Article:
How to keep cool in the heatwave

With temperatures in the UK soaring and the sustained heat assault showing no signs of abating, many of us are finding the conditions draining. Trying to keep comfortable can be difficult, but with the right technology, you can boost comfort and beat the heat. Below, we look at some of the best options to keep cool.

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Keep cool – Maximise your fan usage

Buying one of our best fans is a good starting point. Fans work efficiently to keep you cool in two ways. First, they aid sweat evaporation, which can help cool down your body. Second, they help to circulate air. On a still night (or day), mixing stuffy air inside with the cooler air from outside is essential.

Fans have two main downsides, however. They can’t cool a room and they become less effective at cooling you as humidity rises. There are some tips and tricks to making them better, though.

1. Use a bowl of ice

Fans can’t cool the air, but you can produce colder air flow by placing a dish of ice in front of a fan. This will only last as long as the ice lasts, but the effect will be an airstream that’s colder than the ambient air temperature. One of our best fridge freezers can help you produce or store the ice you need.

Bowl of ice

2. Use a dehumidifier

As humidity increases, fans become less useful, as they can no longer aid sweat evaporation to keep you cool. This is the reason a humid room feels so uncomfortable. A dehumidifier can help, reducing the relative humidity of a room to make it easier for evaporation to occur. In the UK, humidity is usually measured at somewhere between 40% and 60%.

You can use an air quality monitor such as the excellent Foobot to keep tabs on humidity.

3. Point your fan outwards

At night, if the outside air temperature is cooler than the inside air, you should point your fan facing outward. This will take the hot air from inside and push it out, replenishing your room with cooler air. This trick works best in rooms with multiple windows to improve airflow.

Keep cool – Use an evaporative cooler or air-conditioning unit

While fans don’t bring down the actual air temperature, there are other devices that are up to the job, of which evaporative coolers are the cheapest and quietest devices. Using a water reservoir, they cool the air flow via evaporation. Typically, these will struggle to reduce the temperature of a room, but will blow colder air at you than a fan can manage.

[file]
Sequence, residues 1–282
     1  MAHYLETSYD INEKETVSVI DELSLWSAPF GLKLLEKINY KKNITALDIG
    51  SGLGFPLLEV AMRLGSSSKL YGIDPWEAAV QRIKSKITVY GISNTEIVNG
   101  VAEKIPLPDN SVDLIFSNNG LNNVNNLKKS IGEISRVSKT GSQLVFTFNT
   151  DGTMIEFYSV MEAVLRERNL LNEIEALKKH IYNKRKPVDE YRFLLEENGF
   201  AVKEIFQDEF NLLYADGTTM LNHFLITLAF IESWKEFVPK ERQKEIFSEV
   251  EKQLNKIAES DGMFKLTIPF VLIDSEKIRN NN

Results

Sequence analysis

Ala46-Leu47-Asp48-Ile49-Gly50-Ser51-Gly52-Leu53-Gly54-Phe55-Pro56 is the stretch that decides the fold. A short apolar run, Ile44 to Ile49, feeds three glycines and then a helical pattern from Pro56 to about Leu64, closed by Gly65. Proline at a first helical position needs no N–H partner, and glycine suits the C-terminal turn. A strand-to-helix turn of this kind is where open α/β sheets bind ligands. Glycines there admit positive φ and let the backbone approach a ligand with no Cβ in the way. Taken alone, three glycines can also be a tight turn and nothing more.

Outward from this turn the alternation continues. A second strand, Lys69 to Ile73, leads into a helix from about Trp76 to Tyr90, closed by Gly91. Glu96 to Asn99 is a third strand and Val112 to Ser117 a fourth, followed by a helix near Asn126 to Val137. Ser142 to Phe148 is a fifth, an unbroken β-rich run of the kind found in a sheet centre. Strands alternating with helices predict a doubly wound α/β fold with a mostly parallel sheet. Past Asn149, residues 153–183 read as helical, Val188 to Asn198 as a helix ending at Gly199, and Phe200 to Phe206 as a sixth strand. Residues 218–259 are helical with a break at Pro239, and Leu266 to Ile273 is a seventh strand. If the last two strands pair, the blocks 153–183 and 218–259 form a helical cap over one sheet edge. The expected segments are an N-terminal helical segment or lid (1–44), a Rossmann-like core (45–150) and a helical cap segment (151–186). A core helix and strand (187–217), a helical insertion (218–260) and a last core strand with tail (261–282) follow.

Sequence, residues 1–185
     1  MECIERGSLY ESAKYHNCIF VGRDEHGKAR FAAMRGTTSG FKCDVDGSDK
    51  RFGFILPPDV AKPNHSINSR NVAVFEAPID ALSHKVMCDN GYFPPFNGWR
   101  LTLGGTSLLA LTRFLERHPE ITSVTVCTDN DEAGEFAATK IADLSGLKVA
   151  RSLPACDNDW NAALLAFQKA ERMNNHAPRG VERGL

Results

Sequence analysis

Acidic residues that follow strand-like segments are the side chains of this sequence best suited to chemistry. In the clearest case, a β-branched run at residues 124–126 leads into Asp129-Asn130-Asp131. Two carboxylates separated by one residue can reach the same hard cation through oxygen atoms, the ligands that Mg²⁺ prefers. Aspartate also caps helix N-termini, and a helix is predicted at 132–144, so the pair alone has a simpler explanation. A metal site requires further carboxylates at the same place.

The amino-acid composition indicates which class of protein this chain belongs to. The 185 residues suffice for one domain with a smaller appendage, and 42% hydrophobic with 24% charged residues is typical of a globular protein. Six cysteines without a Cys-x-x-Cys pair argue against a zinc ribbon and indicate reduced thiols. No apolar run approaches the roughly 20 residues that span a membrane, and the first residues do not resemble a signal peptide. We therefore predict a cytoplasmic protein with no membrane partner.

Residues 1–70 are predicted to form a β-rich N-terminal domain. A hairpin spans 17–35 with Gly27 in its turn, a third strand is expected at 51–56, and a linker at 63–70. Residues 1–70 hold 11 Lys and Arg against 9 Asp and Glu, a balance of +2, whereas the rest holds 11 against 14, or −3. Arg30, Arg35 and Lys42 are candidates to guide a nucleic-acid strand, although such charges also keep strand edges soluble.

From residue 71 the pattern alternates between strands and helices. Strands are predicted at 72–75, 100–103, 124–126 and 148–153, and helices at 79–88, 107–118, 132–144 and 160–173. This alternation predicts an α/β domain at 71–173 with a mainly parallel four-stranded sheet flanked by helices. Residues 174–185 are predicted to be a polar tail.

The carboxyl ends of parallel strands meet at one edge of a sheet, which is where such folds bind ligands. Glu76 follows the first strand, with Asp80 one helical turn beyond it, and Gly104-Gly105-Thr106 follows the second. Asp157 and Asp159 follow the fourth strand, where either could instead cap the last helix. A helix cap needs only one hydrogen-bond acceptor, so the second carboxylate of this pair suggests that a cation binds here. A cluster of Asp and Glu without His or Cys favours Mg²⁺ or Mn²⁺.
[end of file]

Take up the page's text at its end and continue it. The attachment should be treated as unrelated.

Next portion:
Some coolers can take ice to further lower the temperature of their output. The excellent Evapolar Personal Air Cooler is an effective device for use at night-time, or for cooling your desk area by creating a micro-climate around you.

Evaporative air coolers become less effective as humidity increases (evaporation reduces as a result). Using them with a dehumidifier can improve effectiveness.

If you want to cool down a room, you’ll need an air-conditioning unit. These take the warm air from your room, push the heat outside and circulate cold air back into your home. As a side effect, air conditioners also act as dehumidifiers, taking moisture out of the air thereby creating a more comfortable environment.

Portable air-conditioning units need to be vented outside, so they’ll have to be placed by a window through which you can run the ducting. There are two other downsides: they’re comparatively expensive and they’re also very loud, which can make them difficult to sleep through.

Keep cool – Avoid allergies flaring up

Allergies caused as a result of pollen and other external irritants can also flare up in summer, making it hard to sleep for some. An air purifier can help, filtering out the irritants and making it more pleasant inside.

Our roundup of the best air purifiers features suitable models, including the excellent Dyson Pure Cool Tower, which performs as an air purifier and fan in one.

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